It is clear to me that these community leaders operate from the wrong paradigm. Their paradigm is this: the public participation process is a mini-referendum. Given this paradigm, the perception is clearly that as long as sufficient resistance against a development is drummed up, the City should reject the development. Given this paradigm, one can understand their anger if the development is not rejected. The problem is just that this paradigm is completely misplaced. There is nothing in our law that suggests that the prescribed public participation process is a voting process. Unfortunately this is a perception that permeates our society. One just has to look at statements that are still made around the Open Road Tolling issue in Gauteng for proof of this.

Apart from the wrong (legal) paradigm as described above, it seems to me that these community leaders (and their communities) are totally disconnected from the vision as expressed by premier Zille in her SOPA. They should read it (again). They will of course vehemently deny any disconnect. In fact, they will argue that they strongly support the vision of Premier Zille. It is just this one particular development that they oppose…. This type of argument reflects the all too familiar syndrome of: Not In My Back Yard or NIMBY as it is often labelled. NIMBY is a worldwide occurrence and is not unique to Cape Town. It is true however that in Cape Town we sometimes find this syndrome driven to the extreme. In fact, Capetonians often acknowledge this as an eccentricity that defines the archetypal Capetonian.

I believe this is not just an eccentricity. No, I believe the underlying cause runs much deeper than a mere eccentricity. I believe the underlying cause is: apartheid. Yes, I believe a large number of Capetonians are still living ‘apartheid’. To be clear, this is not an apartheid forged on racial grounds as in the past. No, this is an apartheid built on ‘keeping outsiders out’. As one cannot use racial grounds to keep people out, one has to use other measures. The favourite measures used for this purpose are: environmental protection, preservation of heritage and preservation of the community and its lifestyle. Just look in yesterday’s article what Patricia De Lille is accused of by one community leader: "Inconsiderate of heritage, inconsiderate of the environment, inconsiderate of people’s opinions. It was a case of development at all costs". This signifies the new ‘apartheid syndrome’ and in this respect, I believe there is little difference between Kommetjie or Noordhoek and Orania.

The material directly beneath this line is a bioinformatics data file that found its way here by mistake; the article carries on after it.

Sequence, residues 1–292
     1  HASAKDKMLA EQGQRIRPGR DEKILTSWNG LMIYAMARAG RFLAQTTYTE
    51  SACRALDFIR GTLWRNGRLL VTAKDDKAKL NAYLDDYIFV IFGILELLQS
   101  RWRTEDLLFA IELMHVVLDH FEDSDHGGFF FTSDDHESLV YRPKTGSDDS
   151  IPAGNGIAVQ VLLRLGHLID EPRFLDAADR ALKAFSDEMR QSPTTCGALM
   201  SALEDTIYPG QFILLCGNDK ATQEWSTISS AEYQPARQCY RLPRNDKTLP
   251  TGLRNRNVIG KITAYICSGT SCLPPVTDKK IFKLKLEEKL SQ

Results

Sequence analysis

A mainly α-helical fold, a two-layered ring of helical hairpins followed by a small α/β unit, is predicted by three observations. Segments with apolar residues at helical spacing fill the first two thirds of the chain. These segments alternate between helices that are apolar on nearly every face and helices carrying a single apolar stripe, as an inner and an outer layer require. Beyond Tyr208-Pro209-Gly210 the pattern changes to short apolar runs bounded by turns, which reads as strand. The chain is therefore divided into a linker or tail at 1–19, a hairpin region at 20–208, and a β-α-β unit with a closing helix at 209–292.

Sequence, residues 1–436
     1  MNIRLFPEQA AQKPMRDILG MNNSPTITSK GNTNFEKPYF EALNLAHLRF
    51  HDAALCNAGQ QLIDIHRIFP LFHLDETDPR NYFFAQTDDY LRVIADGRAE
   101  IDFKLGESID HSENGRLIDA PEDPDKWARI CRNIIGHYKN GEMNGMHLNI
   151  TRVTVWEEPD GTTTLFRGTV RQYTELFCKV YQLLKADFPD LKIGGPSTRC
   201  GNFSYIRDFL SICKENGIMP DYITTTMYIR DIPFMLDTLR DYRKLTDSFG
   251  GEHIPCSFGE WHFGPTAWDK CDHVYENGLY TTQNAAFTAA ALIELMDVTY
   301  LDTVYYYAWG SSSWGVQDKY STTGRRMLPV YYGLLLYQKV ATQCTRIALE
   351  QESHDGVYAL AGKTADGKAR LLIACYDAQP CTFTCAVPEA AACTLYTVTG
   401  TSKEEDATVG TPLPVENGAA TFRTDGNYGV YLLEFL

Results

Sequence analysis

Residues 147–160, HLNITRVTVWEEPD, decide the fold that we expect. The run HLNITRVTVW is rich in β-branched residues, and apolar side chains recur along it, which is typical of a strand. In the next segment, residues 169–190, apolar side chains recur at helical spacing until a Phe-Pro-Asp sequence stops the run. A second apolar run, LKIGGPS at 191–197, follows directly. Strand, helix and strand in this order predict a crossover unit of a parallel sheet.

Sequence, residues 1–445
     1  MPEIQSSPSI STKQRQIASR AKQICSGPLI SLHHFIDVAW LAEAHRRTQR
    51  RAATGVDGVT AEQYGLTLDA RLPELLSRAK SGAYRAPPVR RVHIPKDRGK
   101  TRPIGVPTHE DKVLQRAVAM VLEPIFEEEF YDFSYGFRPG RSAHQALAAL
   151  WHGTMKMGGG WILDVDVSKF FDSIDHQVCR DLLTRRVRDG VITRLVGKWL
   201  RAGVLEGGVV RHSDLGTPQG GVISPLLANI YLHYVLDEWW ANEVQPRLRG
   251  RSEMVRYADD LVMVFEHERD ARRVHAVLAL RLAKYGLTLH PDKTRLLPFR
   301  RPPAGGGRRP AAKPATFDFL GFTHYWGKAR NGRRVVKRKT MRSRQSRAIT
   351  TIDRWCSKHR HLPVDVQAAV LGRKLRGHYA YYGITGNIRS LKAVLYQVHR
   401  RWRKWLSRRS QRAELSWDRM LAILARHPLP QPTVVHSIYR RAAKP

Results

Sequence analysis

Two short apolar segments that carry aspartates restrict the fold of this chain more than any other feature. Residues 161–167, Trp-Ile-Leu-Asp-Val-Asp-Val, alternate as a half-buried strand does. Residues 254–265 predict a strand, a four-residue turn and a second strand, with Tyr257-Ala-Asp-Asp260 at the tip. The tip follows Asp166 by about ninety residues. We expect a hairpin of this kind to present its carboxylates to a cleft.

Do I support development at all costs? No I do not. But, I certainly do support responsible development and taking measures to expedite such development. I believe there are sufficient examples of the City preventing irresponsible developments throughout Cape Town. People just have to look beyond the next street corner to realise this. I agree with premier Zille that “the building sector is a component of economic growth, and the downstream secondary jobs are significant”. According to her, “the construction sector employs more than 160,000 people in the province and directly contributes R30bn to the provincial economy”.

Let me also clarify this: protection of the environment is a key consideration in any development and a sound reason to reject a particular development – if its environmental risk is found to be too high. The problem is that it is so easy to overstate environmental risk – it is easy to hide the true motives for opposition to a particular development behind environmental concerns.

In my view, the new ‘apartheid syndrome’ spells trouble for both Helen Zille and Patricia de Lille – as we have already seen yesterday morning. In her SOPA, premier Zille refers to semi-gration as an indication of the success of her government. A vote of confidence in her government. Semi-gration refers to the movement of people from other provinces to the Western Cape in search of better economic opportunities, better services and a better life. According to premier Zille, 56% of all bonds registered by residents of Gauteng during the past year were for properties in the Western Cape! But, semi-gration adds to the development pressures and this in turn will increase the anxiety levels in communities throughout Cape Town and other areas in the province to maintain their communities and lifestyles. As these anxiety levels increase, both Zille and De Lille will come under pressure to change course. Yesterday’s article was just the first shot. I expect many more.